Bill McComb On the Lessons Publicly-Held Companies Can Take From Politics


Capitol Hill

Fifth & Pacific Companies, Inc. CEO William McComb looks to both the lessons and warnings that publicly-held companies can draw from Washington, D.C. politics.  In both scenarios, strong political will is the potential gamechanger needed to address issues, take on risk, or commit to long-term strategies.  In this think piece for LinkedIn, Bill McComb discusses how companies can effectively make big, bold, brave decisions.

This article, When Boards and CEOs Act Like Congress, is reprinted in full with permission from LinkedIn, where it originally appeared.

With the federal fiscal year closing on September 30, and the debt-ceiling debate looming yet again, the high price of congressional indecision is becoming increasingly apparent. Smart, practical bi-partisan choices need to be made on the debt-ceiling now. Not to mention the tax code, continuous improvement efforts at ACA, and foreign affairs. Yet most don’t realize our plague of indecision reaches far beyond the walls of Congress into our corporations, boards and C-suites. Always, the source is the same — a lack of political will.

Political will is the collective force that brings together hearts and minds, mustering the commitment and resources to stop and “pay the piper” by addressing strategies and policies in our midst that are unsustainable. Or to take on risky, long-term challenges — especially those that go against popular opinion or “the easy way.”

But political will isn’t strictly “political” in the narrow sense of the word. You need political will to run public companies, universities and other large organizations well. For example, just like Congress, a public company’s leaders faces diverse constituents — from employees and unions to shareholders and partners to regulators and customers. And just as in electoral politics, each group has its own agenda that is all too often in competition with others’ top priorities.

Public companies, it’s fair to say, face the same political forces as Members of Congress, and to similar effect. Big, brave and bold choices become extremely difficult and all too often are sanitized to the point of least resistance. The results are predictable.

Take Yahoo. Despite a revolving door of senior leaders, Yahoo never really faced up to its fundamentals problems. Until it brought in Marissa Mayer as CEO. She opened her tenure with boldness. First, she made the unpopular but instantly recognized as a smart decision to end the cherished right to work from home. Then she hit again with the strategic acquisition of Tumblr for a billion plus. While the verdict is still out on whether she can bring Yahoo back to past glory, I’m betting Marissa’s political will is just what Yahoo needs to succeed. It has already, at a minimum, energized the company and made it top-of-mind again.

Political will isn’t just important in turnaround situations. Just the opposite — with strong political will, a company won’t need a turnaround. Political will matters day-to-day, week-to-week, and month-to-month, and it’s a qualitative measure smart investors ought to constantly think about when evaluating the future of a public company. Just consider quarterly earnings.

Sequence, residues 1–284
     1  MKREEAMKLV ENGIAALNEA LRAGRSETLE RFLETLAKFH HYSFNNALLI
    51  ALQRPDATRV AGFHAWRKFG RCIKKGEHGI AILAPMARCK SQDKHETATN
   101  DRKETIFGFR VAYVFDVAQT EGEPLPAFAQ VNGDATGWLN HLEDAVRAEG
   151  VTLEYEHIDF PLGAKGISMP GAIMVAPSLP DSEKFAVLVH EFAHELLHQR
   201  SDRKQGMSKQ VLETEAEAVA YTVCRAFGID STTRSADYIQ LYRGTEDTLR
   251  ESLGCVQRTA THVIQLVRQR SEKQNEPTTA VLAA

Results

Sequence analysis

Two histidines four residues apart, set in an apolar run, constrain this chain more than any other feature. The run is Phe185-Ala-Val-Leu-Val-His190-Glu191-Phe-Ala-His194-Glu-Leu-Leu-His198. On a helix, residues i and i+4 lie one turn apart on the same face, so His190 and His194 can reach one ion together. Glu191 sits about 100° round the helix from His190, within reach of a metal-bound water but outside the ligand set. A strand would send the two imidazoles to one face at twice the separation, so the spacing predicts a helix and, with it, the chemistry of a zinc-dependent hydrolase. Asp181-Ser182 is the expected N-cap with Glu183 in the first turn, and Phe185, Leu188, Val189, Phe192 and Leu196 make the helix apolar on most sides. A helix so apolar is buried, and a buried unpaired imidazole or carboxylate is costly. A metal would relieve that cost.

Every three months, boards, CEOs and their teams face a crucial test of political will. How will they choose to present and describe performance and prospects? Does management have the guts to come clean if it means a big earnings correction? Does the Board have the long-term perspective necessary to change an acquisition strategy? Or dismiss a CEO? To admit mistakes and missteps?

All of these factors conspire to challenge a company’s political will. Great leaders face up to the challenge, and recognize that political will is necessary at all levels of an organization. Great leaders make sure the right signals are sent, internalizing political will throughout a company.

Making big, brave, and bold decisions on capital spending, strategic direction, mergers and acquisitions, and distribution strategies (to name a few) will never be easy. Often there isn’t a clear-cut answer. Yet when a business lacks the political will to face these choices, over time, it loses market share, fails to innovate and see its competitive advantages steadily diminished. While we can all easily spot this deficit in Washington, D.C. and state government, it isn’t always so obvious on the board, CEO and, ultimately, corporate level.

Political will demands courage and the willingness to take risks and lead and drive change. It requires great communications skills, vision, and restlessness in combatting the status quo. And it is marked by a strong connection to the future. All that sounds big and daunting. Yet it can be addressed daily in your department, division or group. Ask yourself what signals you send as a leader, and how much political will your group has collectively in your company. If you are running an organization—any organization—take a moment to reflect on the concept.

Your job, and mine, is to make sure that as leaders and innovators, we don’t act like Congress. Not now! Not ever!